CFPB Fires HMDA Warning Shots at 44 Lenders

Consumer Financial Protection Bureau (CFPB) chief
Richard Cordray announced on Thursday that his agency had issued warning
regarding reporting under the Home Mortgage Disclosure Act (HMDA) to 44
financial institutions.  The letters
advised the companies, which included both mortgage lenders and mortgage
brokers that they appear to be in violation of HMDA requirements.

identified the 44 companies through a review of available bank and nonbank
mortgage data. The letter reads in part, “While we have not made a
determination that [Name of Company] is in violation of HMDA filing
requirements, we urge you to review your practices to ensure that you comply
with all relevant laws. You may find it helpful to review the text of HMDA,
Regulation C, and CFPB guidance documents available on the CFPB’s website. We encourage
you to advise us of the steps you have taken or will take to ensure compliance
with the laws identified above or, if you believe these legal requirements do
not apply to you, to provide an explanation.”

HMDA was
originally enacted in 1975 and requires many institutions to collect data about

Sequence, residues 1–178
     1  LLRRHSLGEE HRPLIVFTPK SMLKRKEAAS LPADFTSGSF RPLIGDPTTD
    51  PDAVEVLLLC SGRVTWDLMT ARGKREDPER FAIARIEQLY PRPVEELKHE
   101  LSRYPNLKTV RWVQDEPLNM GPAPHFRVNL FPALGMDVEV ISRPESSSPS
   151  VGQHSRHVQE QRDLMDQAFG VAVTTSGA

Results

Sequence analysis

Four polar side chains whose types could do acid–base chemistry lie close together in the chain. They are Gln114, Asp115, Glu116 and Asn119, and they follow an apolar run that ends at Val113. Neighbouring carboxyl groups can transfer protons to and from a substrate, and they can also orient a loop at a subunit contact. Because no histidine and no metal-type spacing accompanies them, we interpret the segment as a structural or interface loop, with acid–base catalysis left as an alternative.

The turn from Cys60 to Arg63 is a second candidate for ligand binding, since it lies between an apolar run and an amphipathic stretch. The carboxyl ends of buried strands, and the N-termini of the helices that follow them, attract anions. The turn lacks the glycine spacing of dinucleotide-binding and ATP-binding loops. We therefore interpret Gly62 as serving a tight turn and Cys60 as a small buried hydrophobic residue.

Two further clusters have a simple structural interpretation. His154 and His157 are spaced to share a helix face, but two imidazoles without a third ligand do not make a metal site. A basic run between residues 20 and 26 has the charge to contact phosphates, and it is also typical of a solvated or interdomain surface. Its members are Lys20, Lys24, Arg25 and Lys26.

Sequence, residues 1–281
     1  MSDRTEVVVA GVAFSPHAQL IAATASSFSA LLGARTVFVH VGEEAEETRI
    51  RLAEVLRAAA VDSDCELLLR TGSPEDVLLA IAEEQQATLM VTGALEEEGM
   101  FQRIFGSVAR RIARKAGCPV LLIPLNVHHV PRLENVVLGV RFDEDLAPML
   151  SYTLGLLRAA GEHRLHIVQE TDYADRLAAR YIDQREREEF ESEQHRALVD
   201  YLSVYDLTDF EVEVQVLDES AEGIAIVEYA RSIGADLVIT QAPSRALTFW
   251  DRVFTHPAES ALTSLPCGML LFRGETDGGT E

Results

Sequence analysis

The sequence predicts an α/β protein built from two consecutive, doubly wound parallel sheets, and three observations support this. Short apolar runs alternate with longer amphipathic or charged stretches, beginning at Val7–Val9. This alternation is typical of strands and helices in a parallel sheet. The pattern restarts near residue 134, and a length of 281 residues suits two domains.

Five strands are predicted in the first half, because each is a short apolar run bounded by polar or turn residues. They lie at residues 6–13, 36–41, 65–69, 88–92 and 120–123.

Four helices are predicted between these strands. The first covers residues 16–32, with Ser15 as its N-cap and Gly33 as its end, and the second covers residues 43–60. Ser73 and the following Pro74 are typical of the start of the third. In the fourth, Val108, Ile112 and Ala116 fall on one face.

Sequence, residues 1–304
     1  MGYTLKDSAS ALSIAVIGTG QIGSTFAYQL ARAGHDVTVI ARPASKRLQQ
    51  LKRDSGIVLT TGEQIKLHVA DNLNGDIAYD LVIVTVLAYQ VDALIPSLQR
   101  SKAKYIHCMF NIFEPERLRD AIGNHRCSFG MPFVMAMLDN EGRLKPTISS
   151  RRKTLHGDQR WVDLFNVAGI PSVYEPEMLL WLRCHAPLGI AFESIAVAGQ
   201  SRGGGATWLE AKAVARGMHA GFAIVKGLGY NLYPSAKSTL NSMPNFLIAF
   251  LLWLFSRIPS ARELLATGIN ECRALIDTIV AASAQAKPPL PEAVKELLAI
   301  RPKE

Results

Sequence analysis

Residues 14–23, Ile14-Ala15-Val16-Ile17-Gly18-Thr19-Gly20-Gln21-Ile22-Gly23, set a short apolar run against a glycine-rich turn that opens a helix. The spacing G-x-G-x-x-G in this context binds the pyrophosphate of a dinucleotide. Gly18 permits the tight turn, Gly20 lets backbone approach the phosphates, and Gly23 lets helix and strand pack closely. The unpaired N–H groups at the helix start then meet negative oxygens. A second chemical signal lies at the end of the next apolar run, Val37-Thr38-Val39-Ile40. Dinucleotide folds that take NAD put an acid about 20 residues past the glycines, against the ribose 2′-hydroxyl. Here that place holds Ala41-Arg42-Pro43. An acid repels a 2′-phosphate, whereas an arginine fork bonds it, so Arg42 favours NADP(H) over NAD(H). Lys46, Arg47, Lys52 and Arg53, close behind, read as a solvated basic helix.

their housing-related lending including home purchase mortgages, refinancing,
and home improvement loans which they originate or for which they receive applications
and to report them to their appropriate federal regulators and make the data
available to the public.  This will allow
the public and regulators to determine whether the institutions are serving the
housing needs of their community, identify possible discriminatory patterns and
assist in the appropriate provision of public resources to attract private
investment where it is needed.

The rules
updating reporting requirements under HMDA were finalized by CFPB in October of
last year.  Most provisions of the final
rule will go into effect on January 1, 2018.

institutions that fail to report mortgage information as required make it
harder to identify and address discriminatory lending,” Cordray said.  “No mortgage lender that is required to
report their loan data can avoid this responsibility.”

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